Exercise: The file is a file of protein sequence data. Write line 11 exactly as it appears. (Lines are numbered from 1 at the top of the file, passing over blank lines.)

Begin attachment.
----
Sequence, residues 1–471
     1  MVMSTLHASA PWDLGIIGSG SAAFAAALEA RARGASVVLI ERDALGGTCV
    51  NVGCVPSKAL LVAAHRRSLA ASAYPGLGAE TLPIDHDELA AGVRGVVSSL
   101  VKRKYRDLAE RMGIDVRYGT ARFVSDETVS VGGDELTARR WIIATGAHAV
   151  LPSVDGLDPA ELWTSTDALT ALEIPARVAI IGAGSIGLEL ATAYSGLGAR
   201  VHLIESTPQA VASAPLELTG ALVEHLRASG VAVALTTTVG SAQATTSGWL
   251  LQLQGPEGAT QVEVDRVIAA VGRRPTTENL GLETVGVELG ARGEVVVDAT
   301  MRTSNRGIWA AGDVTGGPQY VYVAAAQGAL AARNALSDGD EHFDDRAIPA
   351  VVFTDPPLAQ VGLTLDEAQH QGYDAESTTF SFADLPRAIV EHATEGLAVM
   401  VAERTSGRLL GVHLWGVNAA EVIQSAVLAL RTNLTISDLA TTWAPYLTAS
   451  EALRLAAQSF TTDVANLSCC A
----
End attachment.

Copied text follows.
   451  EALRLAAQSF TTDVANLSCC A